• Be Aware: Changes in routine behaviors, such as sleeping pattern or eating habits, can indicate distress. Seek professional support if they persist.
  • Expect the unexpected: As children develop, their intellectual, physical and emotional capacities change.
  • pg-toddler-sick-soothers-tlc-full.jpgMake time: Help kids understand they are safe and secure by talking, playing and engaging in bonding family activities.
  • Keep calm and carry on: Your child will learn how to deal with these events from you and will model his or her behavior after yours.
  • Care: Make a point of showing sensitivity toward other families impacted by the disaster. This is an opportunity to teach your children that we all need to help each other.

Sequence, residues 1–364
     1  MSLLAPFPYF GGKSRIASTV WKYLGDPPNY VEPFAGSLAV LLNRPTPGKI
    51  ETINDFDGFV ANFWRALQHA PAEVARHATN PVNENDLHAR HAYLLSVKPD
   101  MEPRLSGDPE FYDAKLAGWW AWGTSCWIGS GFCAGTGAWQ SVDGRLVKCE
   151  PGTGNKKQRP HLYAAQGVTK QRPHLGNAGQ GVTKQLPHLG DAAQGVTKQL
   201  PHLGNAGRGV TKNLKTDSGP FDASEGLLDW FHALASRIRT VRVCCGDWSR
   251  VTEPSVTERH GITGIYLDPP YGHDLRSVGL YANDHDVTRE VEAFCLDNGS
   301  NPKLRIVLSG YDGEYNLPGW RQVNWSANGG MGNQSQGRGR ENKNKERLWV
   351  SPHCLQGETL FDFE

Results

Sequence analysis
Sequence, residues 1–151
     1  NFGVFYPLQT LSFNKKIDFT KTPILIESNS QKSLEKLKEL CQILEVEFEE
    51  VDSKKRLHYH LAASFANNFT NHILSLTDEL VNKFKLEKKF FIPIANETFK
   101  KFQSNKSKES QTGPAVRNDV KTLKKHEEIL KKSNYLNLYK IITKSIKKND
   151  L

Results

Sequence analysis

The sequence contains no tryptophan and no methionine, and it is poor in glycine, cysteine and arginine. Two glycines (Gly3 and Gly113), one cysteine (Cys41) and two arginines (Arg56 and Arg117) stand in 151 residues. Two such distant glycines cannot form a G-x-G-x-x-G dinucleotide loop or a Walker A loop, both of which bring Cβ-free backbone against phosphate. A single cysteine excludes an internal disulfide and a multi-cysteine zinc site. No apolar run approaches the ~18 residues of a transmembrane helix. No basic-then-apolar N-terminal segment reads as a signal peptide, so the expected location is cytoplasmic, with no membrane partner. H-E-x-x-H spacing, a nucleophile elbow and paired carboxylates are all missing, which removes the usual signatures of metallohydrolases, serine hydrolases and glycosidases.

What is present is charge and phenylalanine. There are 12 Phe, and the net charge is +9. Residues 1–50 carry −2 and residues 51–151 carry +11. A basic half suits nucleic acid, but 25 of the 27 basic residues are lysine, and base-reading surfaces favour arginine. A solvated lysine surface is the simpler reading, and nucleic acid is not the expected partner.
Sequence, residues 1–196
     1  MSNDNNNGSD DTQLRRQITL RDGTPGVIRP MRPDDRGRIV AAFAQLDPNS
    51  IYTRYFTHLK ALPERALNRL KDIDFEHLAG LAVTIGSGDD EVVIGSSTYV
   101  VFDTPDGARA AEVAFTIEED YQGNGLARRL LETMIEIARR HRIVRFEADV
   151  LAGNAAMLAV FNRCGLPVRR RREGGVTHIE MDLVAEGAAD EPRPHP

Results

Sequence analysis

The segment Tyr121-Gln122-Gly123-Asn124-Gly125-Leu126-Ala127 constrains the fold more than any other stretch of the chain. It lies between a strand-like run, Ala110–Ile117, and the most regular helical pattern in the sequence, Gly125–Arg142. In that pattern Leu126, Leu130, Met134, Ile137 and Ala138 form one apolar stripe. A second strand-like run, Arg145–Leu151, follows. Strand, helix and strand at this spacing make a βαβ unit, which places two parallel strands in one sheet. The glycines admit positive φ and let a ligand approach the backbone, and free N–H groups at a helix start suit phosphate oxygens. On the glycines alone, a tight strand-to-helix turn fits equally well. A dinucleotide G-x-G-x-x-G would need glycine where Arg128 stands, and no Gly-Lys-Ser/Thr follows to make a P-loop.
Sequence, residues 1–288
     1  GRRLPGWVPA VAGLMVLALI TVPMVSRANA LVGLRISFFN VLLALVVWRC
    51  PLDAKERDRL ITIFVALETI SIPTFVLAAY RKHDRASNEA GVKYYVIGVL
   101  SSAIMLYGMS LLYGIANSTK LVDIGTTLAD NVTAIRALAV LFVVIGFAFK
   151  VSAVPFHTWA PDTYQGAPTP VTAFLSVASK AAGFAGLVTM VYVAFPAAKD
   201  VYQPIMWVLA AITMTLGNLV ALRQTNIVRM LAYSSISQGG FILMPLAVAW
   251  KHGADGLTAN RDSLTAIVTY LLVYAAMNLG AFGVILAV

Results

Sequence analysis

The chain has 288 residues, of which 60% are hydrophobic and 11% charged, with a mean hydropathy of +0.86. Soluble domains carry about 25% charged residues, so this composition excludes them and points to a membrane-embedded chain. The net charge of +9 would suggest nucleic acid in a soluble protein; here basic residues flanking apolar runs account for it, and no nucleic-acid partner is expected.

• Routine: Help your children return to normal activities including school, sports and play groups.
  • Volunteer: Helping others can give your child a sense of control, security and empathy.

From www.savethechildren.org


HOW TO MANAGE CHALLENGING BEHAVIORS

With young children, power struggles often occur after giving a child a command, or when the child is tired, hungry or stressed. To lessen power struggles slow down your speech and give only one or two commands at a time. Tell your child what you want them to do instead of what not to do. Use pictures or your body to model the desired behavior or action to avoid power struggles. The brain is a pattern seeking-device. The more consistent you are the more effective it will become.


OCTOBER IS THE "SHARE A BOOK" PROGRAM MONTH

Here is how it works: